- The Washington Times - Tuesday, January 15, 2002

Sudan offers halt of rebel bombings
KHARTOUM, Sudan Sudanese President Omar Hassan Bashir offered yesterday to temporarily stop bombing rebel positions for four weeks in a meeting with former Sen. John Danforth, President Bush's special envoy to the conflict.
"We offered to declare a voluntary, unilateral cessation of aerial bombing for four weeks as a test," Bashir's top adviser on the conflict, Ghazi Salah el-Din Atabani told reporters after leaving the meeting between Mr. Bashir's advisers and the Danforth delegation.
Mr. Atabani said he hoped the move would "prepare the atmosphere for a comprehensive cease-fire."

Nepal Buddhists worship new king
KATMANDU, Nepal Nepali Buddhists worshiped King Gyanendra yesterday as an incarnation of Lord Buddha, the founder of Buddhism, in an ancient ceremony that takes place once every 50 years.
Thousands of Nepalis lined the streets to watch the 54-year-old monarch being driven in a limousine to the Samyak Puja translated "auspicious worship" ceremony near the Swyambhunath Temple, the main Buddhist landmark in Katmandu. King Gyanendra became king last June after his popular brother, King Birendra, and most members of the royal family were slain by Crown Prince Dipendra, who later killed himself.

Anti-immigrant leader quits her party post
SYDNEY, Australia Maverick politician Pauline Hanson, who founded Australia's anti-Asian One Nation Party, resigned as its leader yesterday, saying she needed time to concentrate on clearing her name of fraud accusations.
The decision took many party members by surprise, but political analysts had been predicting Miss Hanson's exit after One Nation failed to win any seats in national elections late last year.
Miss Hanson, 47, and former One Nation director David Ettridge have been charged in connection with the fraudulent registration of the political party in 1997. The pair are to appear in court in April to face charges carrying a maximum 10-year sentence. Both have pleaded not guilty in a pretrial hearing.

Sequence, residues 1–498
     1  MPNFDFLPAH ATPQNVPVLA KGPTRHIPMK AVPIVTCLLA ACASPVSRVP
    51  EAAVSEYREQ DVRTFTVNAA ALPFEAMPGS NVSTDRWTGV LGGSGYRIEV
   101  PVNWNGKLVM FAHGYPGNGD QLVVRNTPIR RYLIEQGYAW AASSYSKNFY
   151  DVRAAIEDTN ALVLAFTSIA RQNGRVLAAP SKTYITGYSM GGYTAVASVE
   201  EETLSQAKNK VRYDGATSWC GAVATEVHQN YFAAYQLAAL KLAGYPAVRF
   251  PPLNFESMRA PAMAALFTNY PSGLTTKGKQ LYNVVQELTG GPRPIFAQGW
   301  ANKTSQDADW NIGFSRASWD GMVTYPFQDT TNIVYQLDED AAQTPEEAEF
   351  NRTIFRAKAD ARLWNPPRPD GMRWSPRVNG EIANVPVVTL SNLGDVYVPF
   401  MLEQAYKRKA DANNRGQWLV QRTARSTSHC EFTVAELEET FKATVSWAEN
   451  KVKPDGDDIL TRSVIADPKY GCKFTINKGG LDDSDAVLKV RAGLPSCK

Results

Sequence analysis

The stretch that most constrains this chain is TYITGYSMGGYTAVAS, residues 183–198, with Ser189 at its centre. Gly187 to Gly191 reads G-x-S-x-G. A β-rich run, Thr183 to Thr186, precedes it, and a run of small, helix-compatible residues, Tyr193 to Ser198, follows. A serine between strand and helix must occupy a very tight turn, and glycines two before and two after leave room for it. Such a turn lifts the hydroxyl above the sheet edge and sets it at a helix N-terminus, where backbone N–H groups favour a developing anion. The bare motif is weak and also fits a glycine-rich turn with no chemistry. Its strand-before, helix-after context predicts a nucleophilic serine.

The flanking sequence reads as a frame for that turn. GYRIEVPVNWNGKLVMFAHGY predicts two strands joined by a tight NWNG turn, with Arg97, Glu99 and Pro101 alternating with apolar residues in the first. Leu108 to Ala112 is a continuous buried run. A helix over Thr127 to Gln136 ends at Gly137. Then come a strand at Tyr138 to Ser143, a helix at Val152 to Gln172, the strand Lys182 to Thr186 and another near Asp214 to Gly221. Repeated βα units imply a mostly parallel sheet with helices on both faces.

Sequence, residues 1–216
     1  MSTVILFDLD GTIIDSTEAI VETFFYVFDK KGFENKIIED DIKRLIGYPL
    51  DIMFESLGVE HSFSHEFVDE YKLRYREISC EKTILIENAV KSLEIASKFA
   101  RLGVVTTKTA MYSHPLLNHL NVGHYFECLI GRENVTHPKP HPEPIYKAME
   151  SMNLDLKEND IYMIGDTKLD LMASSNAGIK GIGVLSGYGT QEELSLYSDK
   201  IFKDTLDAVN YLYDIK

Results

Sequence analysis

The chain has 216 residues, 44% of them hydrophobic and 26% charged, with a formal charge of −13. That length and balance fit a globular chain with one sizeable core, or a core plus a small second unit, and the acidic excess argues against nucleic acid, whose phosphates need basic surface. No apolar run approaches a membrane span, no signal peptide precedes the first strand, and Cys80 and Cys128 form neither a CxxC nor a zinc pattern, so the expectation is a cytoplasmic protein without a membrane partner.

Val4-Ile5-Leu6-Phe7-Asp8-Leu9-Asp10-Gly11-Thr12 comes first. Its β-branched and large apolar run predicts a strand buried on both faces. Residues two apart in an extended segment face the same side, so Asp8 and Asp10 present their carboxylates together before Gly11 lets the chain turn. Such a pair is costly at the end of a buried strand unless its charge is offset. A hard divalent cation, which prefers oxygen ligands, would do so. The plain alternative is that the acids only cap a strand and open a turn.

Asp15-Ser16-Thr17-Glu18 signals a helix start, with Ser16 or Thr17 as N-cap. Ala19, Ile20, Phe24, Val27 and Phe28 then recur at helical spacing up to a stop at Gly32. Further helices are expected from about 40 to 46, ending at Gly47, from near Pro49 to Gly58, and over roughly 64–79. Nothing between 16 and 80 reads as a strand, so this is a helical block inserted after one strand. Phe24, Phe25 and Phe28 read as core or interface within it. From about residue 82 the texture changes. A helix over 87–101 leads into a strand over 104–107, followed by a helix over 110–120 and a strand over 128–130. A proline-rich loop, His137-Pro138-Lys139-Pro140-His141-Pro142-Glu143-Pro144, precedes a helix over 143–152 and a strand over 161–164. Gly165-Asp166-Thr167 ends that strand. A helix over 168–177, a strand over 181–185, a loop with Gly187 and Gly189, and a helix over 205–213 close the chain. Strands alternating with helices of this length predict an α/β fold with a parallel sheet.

Police, troops guard N. Ireland school
BELFAST Police and troops surrounded schools in a flashpoint area of Belfast yesterday after death threats against Roman Catholic teachers by Protestant guerrillas.
Armored police Land Rovers lined the road outside the Catholic Holy Cross Girls' Primary School scene of a 12-week Protestant protest last autumn and security forces were in evidence at other schools in the north of the city.
Rioting erupted last week after clashes between Catholics and Protestants near Holy Cross school. There also were ugly scenes at other schools in the district.

Saudis defend destroying fortress in Mecca
ANKARA, Turkey Saudi Arabia acted in the interests of Muslim pilgrims by razing an Ottoman-era fortress near shrines in Mecca, the Saudi ambassador said yesterday in defense of an action that outraged many Turks.
The Saudi government tore down the castle several weeks ago to make way for a trade center, hotel and underground parking lot to serve the millions of pilgrims who make the annual trek to Mecca, the holy city in Saudi Arabia.
The 200-year-old Ajyad Castle would be reassembled elsewhere.

U.N. negotiator arrives in Iraq, seeks new deal
BAGHDAD A senior U.N. official arrived in Iraq yesterday for talks on the troubled "oil-for-food" humanitarian program.
Benon Sevan, executive director of the program and a U.N. undersecretary-general, will stay three weeks in Iraq to discuss the program with U.N. and Iraqi government officials during his first trip to Baghdad since August 2000.
The oil-for-food program allows Iraq to sell oil to buy food, medicine and other humanitarian goods for Iraqis enduring 11-year-old U.N. sanctions imposed after Baghdad's 1990 invasion of Kuwait.
The U.N. Security Council has approved in principle a "cash component" from Iraq's oil revenues so it can pay workers to upgrade its battered oil industry equipment.

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